Netanyahu does not care so much whether people believe him or not. This week, like every other week since he returned to power, he was fully occupied with survival. In order to survive, the coalition must remain intact. To achieve this, he must show that he does not “fold” under American pressure. No better place to prove this than Jerusalem.
About Jerusalem, as official spokesmen never tire of telling us, about Jerusalem there is a national consensus. From wall to wall. From Left to extreme Right.
However, this myth is long dead. No such consensus exists. Right now, most Israelis are ready to return the Arab quarters of East Jerusalem to Palestinian rule in return for real peace. I know of no Jewish mother who is ready to sacrifice her son in a war for the Shepherd Hotel.
I beg to contradict yet another myth that is being propagated relentlessly by our media: that a national consensus against President Obama is forming.
As we say in classical Hebrew: No bears and no forest. Or more colloquially: No birds and no shoes.
Many Israelis, very many, hope that Barack Obama will do for them what seems impossible without him: bring them peace. They have despaired of our political system, of both the coalition and the opposition, of both Right and Left. They are convinced that only an outside force can realize this hope.
If indeed Obama does clash with Netanyahu over his refusal to freeze the settlements in the West Bank and his insistence on continuing to build in East Jerusalem, it is for Obama’s victory that many Israelis will be praying. They know that in this battle, it is not Netanyahu but Obama who represents the true interests of Israel. [continued…]
The ultra-Orthodox inhabitants [of Modiin Illit and its sister community, Beitar Illit] often express contempt for the settler movement, with its vows never to move. The people here, who shun most aspects of modernity, came for three reasons: they needed affordable housing no longer available in and around Jerusalem or Tel Aviv; they were rejected by other Israeli cities as too cult-like; and officials wanted their presence to broaden Israel’s narrow border.
Yet they are lumped with everyone else. The settler movement and the Israeli government point to ultra-Orthodox settlements, with their large and ever-increasing families, to argue that there is no way to stop “natural growth” without imposing acute human suffering. Those seeking a freeze use the settlements as evidence that growth is so out of control that drastic action must be taken. More broadly, opponents say the settlements violate international law, legitimize force by armed messianic Jews and ruin the chance of establishing a viable Palestinian state.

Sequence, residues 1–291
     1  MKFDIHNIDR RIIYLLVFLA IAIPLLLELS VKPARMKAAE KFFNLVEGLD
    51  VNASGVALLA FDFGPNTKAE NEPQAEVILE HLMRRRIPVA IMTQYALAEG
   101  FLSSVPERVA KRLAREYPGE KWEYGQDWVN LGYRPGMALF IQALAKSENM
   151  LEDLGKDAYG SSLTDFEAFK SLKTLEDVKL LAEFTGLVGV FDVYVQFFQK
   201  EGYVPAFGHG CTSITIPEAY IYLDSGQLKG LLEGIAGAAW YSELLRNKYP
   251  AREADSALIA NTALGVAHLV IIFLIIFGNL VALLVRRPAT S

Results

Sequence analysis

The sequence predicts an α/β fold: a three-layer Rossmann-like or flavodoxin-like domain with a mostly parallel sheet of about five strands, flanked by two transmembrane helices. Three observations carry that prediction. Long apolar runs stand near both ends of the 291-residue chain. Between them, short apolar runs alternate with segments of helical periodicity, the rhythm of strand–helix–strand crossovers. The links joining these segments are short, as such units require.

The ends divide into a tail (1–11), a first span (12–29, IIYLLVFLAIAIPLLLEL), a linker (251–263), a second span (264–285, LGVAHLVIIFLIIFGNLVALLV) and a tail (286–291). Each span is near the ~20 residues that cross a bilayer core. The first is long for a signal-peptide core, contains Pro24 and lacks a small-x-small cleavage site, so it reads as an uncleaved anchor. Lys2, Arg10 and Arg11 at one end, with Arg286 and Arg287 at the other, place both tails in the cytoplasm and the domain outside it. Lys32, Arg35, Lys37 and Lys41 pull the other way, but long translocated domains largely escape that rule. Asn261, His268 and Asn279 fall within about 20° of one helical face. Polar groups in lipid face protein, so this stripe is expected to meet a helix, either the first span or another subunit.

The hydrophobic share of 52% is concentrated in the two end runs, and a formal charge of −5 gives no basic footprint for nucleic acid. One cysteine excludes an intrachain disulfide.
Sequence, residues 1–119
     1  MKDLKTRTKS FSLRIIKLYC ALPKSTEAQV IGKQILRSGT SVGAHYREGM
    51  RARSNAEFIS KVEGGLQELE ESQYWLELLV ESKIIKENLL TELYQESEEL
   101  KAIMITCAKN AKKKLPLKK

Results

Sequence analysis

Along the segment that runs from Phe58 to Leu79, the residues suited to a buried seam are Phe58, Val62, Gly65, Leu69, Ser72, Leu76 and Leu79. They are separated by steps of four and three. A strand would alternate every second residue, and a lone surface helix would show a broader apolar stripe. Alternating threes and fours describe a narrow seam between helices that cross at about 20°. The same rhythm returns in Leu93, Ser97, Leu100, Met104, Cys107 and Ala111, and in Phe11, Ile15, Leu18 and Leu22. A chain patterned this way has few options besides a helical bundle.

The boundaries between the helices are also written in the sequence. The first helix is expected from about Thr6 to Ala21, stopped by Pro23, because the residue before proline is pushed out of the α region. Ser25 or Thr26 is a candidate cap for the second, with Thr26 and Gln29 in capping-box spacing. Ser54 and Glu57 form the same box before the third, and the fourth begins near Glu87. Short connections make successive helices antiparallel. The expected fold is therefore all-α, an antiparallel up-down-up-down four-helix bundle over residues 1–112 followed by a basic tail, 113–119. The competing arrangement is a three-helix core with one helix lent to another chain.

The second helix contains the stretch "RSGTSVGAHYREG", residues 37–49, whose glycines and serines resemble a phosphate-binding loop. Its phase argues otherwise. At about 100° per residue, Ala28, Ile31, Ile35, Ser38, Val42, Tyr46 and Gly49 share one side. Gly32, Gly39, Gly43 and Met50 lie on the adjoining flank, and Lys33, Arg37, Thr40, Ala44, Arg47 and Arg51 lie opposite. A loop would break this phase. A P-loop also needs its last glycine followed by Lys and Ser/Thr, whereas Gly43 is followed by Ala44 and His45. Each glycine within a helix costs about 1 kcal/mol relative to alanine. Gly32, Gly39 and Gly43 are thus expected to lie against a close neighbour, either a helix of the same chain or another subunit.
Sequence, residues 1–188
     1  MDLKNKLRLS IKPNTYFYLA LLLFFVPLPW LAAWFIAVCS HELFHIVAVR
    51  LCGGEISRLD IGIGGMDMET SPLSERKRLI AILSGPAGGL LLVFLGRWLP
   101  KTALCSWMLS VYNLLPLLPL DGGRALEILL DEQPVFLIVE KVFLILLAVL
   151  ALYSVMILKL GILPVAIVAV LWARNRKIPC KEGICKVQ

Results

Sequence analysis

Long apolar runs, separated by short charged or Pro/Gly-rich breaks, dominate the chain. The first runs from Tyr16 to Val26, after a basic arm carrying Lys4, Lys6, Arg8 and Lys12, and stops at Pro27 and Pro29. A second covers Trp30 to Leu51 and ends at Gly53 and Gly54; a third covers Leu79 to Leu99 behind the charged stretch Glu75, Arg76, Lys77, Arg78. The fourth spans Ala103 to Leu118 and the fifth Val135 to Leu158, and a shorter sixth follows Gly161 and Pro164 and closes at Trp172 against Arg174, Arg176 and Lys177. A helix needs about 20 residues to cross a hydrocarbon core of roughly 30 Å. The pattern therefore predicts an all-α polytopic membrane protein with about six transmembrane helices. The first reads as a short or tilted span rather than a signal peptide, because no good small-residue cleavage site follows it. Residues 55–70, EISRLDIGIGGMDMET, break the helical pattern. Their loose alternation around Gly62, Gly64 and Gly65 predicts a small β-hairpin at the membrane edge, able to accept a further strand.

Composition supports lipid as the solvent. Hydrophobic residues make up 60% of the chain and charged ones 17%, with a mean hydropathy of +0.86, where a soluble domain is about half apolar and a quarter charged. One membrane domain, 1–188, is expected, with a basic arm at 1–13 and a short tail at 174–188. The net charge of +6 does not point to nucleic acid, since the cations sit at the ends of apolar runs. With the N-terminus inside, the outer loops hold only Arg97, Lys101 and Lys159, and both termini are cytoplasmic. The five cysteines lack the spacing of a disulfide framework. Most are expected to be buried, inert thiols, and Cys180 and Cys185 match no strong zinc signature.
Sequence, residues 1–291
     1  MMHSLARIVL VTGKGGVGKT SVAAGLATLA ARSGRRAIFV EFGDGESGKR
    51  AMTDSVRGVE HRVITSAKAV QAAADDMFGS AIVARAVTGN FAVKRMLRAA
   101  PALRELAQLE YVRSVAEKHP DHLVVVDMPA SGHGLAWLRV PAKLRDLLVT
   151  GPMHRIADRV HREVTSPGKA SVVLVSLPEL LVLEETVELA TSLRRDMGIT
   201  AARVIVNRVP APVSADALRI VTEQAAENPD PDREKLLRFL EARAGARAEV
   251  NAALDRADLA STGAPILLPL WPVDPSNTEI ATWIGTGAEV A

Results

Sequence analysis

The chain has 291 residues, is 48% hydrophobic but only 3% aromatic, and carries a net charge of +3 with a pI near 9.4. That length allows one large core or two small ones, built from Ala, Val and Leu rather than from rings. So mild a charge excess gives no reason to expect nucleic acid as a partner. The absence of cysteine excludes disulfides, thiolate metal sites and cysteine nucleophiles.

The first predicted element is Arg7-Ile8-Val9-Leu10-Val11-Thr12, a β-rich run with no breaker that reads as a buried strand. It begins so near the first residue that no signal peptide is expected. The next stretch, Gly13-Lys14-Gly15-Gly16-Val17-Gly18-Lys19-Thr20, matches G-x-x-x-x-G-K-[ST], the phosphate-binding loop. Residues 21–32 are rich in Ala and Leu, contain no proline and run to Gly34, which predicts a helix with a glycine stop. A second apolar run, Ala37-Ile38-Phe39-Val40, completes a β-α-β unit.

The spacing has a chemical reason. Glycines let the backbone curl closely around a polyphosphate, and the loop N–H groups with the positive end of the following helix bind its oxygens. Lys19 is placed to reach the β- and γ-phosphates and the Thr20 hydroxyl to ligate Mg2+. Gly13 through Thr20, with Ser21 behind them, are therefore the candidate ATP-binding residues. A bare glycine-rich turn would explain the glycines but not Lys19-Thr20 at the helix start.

But even those who strongly favor a complete freeze acknowledge that the annual settler growth rates of 5 and 6 percent owe a great deal to these two towns that have little to do with the broader settler enterprise.
Dror Etkes of Yesh Din, an antisettlement group in Israel, noted that half of all construction in West Bank settlements was taking place in these two ultra-Orthodox communities, adding that given their location next to the boundary, it was highly likely they would be in Israel in a future deal through a redrawn border. “From a purely geographic point of view, construction there is not as destructive as elsewhere,” he said.
But he does not want building to continue in Modiin Illit or Beitar Illit without a deal for a Palestinian state, nor does he mean to imply that these settlements have been a benign force. “Land has been taken from Palestinians, in some cases from private landowners, for the building in these settlements, and there are many other issues like sewage flow into Palestinian villages that must be addressed,” Mr. Etkes said.
Settler leaders reject any distinction. The fact that the ultra-Orthodox came to the West Bank to solve their housing problems is “completely O.K. with me,” said Dani Dayan, chairman of the Yesha Council, the settlers’ political umbrella group. “They are an integral part of our endeavor and our achievement.”
But even in Bilin, the Palestinian village that abuts Modiin Illit and has become a symbol of Palestinian resistance against Israel’s West Bank separation barrier, the settlers over the fence are viewed as different from the Jewish nationalists in, say, Hebron.
Abedallah Abu Rahma, a teacher from a farming family and a leading activist in the village, pointed toward the settler high-rise buildings visible across the valley from his living room window and said: “They tell us, ‘We are poor, the apartments here are cheaper and we did not know it was a settlement.’ Many told us, ‘Give us our money back and we will leave.’ ”
The Palestinians, who hold weekly demonstrations against the barrier, have even joined forces with some of the settlers. Two years ago, Bilin won a major Supreme Court case that forced a change in the route of the barrier, and some of the documents the victorious villagers used, Mr. Abu Rahma said, had been secretly passed to them by ultra-Orthodox settlers feuding with their own municipal leaders. [continued…]